What Hamas Really Wants

If you ever dared hope that Hamas, the militant Palestinian Islamist group that rules Gaza, could become a responsible party in future peace talks with Israel, you need to know what happened this past weekend.

The party’s exiled leader, Khaled Meshal, visited Gaza for the first time to mark the 25th anniversary of Hamas’ s founding and gave what The New York Times called “a defiant speech, vowing to build an Islamic Palestinian state on all the land of Israel, the West Bank and the Gaza Strip.”

As The Times reported, Meshal declared:

“Palestine is ours from the river to the sea and from the south to the north. There will be no concession on any inch of the land.” He vowed that all Palestinian refugees and their descendants would one day return to their original homes in what is now Israel (italics added).

“We will never recognize the legitimacy of the Israeli occupation, and therefore there is no legitimacy for Israel, no matter how long it will take,” he said. “We will free Jerusalem inch by inch, stone by stone. Israel has no right to be in Jerusalem.”

What Meshal  advocated, of course, was the obliteration of the State of Israel and its replacement by an Islamic Palestinian state. Not the “two-state solution” envisioned by nearly everyone since the original  1947 United Nations partition plan, but a unitary Palestinian state ruled by Islam.

Hamas leader Khaled Mashaal arrives in the Gaza Strip before his first trip there to celebrate Hamas’s 25th anniversary. (AP Photo/Suhaib Salem , Pool)

It was as blatant a statement of purpose as any leader of a terrorist  group—which is how nearly the entire developed world views Hamas—has ever made, echoing the group’s notorious 1988 charter. Here’s one example from that hate-filled document:

Israel will exist and will continue to exist until Islam will obliterate it, just as it obliterated others before it.

And another:

The Islamic Resistance Movement believes that the land of Palestine is a religious Islamic endowment [waqf] for all Muslims until Resurrection Day. It is forbidden to give it up or any part of it (italics added).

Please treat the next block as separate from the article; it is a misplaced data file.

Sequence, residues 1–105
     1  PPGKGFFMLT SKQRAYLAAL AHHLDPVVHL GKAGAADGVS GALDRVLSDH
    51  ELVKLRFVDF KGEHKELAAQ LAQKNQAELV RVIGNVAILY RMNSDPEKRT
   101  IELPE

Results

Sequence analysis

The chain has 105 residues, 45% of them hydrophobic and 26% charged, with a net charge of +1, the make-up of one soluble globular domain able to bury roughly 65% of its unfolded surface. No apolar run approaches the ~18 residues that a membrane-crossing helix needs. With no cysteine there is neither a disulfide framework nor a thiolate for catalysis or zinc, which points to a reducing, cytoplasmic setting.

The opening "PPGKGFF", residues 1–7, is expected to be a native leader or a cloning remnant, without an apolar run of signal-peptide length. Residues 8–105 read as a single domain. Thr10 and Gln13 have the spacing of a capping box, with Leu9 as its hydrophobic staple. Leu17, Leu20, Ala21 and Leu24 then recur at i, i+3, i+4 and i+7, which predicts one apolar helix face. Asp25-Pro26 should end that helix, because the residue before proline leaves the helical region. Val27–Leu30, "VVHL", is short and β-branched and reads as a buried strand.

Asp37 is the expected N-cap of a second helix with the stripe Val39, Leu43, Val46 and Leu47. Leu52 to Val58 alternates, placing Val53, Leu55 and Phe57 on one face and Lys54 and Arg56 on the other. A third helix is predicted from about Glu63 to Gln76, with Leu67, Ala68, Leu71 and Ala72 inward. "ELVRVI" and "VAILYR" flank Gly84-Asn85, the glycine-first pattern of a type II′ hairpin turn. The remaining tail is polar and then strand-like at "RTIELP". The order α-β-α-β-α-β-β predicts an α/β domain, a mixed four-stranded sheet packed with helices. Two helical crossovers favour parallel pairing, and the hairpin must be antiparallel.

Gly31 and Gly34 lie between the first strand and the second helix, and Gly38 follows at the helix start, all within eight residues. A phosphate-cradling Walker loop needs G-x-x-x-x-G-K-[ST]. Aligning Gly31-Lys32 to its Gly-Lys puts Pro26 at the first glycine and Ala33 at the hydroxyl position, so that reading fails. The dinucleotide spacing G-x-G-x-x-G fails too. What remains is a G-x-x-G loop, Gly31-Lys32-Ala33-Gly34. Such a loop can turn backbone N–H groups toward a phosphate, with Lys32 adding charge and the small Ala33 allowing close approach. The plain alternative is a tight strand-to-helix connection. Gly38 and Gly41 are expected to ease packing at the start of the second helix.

And here’s my “favorite”:

The Day of Judgment will not come about until Muslims fight Jews and kill them. Then, the Jews will hide behind rocks and trees, and the rocks and trees will cry out: “O Muslim, there is a Jew hiding behind me, come and kill him.”

Has Hamas or its leaders disavowed any of this? Not to my knowledge.

Israeli Prime Minister Benjamin Netanyahu quickly condemned Meshal’s remarks:

“Over the last day, we have again been exposed to the true face of our enemies. They have no intention of compromising with us. They want to destroy our country,” Netanyahu told his weekly cabinet meeting.

Netanyahu said Israel would never withdraw unilaterally from the West Bank as it had done from Gaza in 2005, arguing that this would risk creating another territory from which Palestinians could launch rockets at Israeli cities.

I’ve been critical of Netanyahu for aligning himself with the Israeli far right, abetting the growing power of the ultra-Orthodox and threatening to expand Jewish settlements on the West Bank too aggressively. Those aren’t healthy for Israeli society, in my view, let alone for whatever prospects remain for a lasting peace with Palestinians.

But Israel already has thousands of missiles pointed at it from Lebanon in the north and hundreds from Gaza in the south. If it were to leave the West Bank and Hamas came to power there—a real possibility—it would no doubt face missiles from the east as well, 25 miles from Tel Aviv.

Given what Meshal said over the weekend, no Israeli prime minister, liberal or conservative, could ever allow that to happen, nor should they. That’s the real reason the two-state solution has become a dream, and a fading one at that.



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